And so family skeletons are unearthed by this girl with a dragon tattoo.
The book in one sentence: A girl with a violent past helps solve a 40-year-old family mystery.
My thoughtsI've been coming across The Girl with the Dragon Tattoo online quite a bit. It resurfaced again at my office Christmas party, the trilogy was up for grabs as a prize. Now, there is the much awaited movie. I didn't win the books, but a friend ended up lending me her copy.
I had no idea what this book is about. My initial impression was that it was either a paranormal book (dragon tattoo anyone? I usually steer clear of paranormal), or chick lit (albeit edgy, because of that tattoo). I was way off target. Reading the book cover flap, I find out that this is a crime-mystery thriller! Being a huge Agatha Christie fan, you can imagine my excitement!
Set in Sweden, three main characters converge:
Mikael Blomkvist, publisher of the Swedish political magazine Millennium, loses a libel case involving the alleged criminal workings of billionaire industrialist Hans-Erik Wennerström. Sentenced to three months in prison, he finds himself in professional hot water, on the brink of losing Millennium ...
Enter Henrik Vanger, the retired CEO of the Vanger Corporation which was experiencing some hard times but still highly influential. Haunted and obsessed with the disappearance of his beloved niece, Harriet, some 40 years ago, he enlists the help of Blomkvist to solve this mystery.
The investigations pick up and Blomkvist is referred to someone who can help him with his research - Lisbeth Salander, a 24-year-old hacker.
The storyline is quite simple. In exchange for Blomkvist's services to investigate Harriet's disappearance, Vanger would hand over Wennerström's head on the platter, so-to-speak, to Blomkvist when the year was up. Blomkvist could then redeem himself from the libel case.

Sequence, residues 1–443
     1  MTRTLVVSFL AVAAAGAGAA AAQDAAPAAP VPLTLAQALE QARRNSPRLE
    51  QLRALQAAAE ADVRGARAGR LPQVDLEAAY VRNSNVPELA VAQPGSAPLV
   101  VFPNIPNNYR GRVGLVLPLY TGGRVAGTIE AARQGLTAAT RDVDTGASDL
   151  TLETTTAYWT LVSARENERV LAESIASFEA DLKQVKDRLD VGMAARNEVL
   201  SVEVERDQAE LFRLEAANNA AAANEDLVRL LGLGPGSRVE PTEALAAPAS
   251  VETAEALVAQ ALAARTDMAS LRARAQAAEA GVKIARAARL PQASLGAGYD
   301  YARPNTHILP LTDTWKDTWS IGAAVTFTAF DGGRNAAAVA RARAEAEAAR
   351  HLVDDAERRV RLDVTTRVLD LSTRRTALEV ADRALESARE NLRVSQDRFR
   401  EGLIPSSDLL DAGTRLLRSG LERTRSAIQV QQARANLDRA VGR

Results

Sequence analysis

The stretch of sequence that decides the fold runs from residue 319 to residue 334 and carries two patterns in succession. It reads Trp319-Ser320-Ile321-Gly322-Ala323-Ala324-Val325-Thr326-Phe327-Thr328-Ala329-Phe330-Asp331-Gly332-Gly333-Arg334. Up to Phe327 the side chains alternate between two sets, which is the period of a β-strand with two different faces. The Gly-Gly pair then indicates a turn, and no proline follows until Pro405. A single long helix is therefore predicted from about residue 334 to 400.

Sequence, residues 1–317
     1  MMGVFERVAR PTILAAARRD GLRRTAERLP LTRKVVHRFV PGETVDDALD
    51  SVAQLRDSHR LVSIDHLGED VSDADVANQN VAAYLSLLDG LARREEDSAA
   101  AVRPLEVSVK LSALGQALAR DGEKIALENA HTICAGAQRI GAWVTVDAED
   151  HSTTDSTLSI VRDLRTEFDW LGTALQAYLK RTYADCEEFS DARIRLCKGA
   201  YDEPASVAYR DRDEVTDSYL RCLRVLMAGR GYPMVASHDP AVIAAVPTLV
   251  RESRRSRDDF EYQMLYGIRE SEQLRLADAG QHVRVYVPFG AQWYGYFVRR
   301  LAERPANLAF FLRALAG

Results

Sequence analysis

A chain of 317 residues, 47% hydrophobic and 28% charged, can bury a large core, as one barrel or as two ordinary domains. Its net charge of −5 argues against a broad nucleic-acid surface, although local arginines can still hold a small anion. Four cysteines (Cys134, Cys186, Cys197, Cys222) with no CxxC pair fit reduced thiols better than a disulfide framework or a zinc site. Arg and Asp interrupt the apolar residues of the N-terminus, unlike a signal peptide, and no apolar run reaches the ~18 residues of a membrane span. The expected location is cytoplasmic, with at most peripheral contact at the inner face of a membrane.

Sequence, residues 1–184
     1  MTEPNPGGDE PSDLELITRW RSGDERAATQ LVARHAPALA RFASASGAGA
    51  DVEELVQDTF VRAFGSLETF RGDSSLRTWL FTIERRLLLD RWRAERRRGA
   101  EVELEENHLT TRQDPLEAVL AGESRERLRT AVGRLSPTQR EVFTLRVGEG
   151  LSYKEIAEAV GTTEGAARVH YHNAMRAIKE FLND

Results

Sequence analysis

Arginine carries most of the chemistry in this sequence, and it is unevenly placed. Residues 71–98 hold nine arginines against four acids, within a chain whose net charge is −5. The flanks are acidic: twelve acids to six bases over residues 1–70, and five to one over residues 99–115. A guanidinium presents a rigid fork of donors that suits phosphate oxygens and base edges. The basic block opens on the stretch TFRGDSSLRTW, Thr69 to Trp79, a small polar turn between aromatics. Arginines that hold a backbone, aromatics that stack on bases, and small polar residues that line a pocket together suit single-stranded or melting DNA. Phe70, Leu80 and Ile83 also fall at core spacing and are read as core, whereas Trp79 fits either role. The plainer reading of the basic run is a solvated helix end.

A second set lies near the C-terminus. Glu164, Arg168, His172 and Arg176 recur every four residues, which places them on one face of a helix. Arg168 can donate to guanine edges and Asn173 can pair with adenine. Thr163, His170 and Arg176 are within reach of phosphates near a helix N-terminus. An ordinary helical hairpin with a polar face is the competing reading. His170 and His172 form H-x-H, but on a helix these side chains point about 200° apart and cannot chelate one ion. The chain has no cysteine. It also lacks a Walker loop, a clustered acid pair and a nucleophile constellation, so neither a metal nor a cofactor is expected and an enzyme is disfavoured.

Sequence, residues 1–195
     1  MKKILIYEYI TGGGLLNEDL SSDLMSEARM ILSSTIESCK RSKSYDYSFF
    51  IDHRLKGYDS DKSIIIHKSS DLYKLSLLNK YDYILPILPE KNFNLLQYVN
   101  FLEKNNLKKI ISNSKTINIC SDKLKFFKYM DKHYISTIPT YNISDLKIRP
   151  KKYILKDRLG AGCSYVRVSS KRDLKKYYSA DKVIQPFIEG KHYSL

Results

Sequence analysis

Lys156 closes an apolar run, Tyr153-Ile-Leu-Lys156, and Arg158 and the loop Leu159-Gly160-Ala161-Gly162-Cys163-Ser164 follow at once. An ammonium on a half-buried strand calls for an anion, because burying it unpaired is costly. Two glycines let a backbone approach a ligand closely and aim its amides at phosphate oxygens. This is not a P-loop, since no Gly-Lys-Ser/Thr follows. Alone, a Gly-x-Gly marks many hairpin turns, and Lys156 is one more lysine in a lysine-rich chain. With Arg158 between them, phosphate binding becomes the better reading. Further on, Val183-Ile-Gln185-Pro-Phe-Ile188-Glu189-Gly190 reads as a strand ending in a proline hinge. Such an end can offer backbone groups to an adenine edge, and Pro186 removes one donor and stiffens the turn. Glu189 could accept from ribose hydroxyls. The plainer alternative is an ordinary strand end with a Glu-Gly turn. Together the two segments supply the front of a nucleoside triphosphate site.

Stieg Larsson had me when Henrik Vanger broke down upon receiving yet another framed pressed flower in the mail, a tradition that was started with Harriet, stopped at her disappearance, and later restarted. He was convinced that Harriet's killer was sending them to taunt him. After such a promising beginning, I was a little disappointed when the beginning of the book is slow. I was actually yawning through the first chapters, wondering when anything, something, was coming.
But my patience paid off. I pounded through this book in two days! This is a fantastic read! In many ways, it reminds me of Agatha Christie as it looks into the human mind, in all its perversity. As Vanger was convinced that one of the family was involved in the murder of Harriet, Blomkvist discovers : “Every family had a few skeletons in their cupboards, but the Vanger family had an entire gallimaufry of them.” (Errr, what does gallimaufry mean?)
And so Blomkvist enters into the world of the Vangers. He discovers a twisted family history with politics with a Nazi connection. Salander enters the picture with her superior hacking skills, her strong no-nonsense attitude.With intense, fast-paced action, together finally put Henrik Vanger's mystery to rest.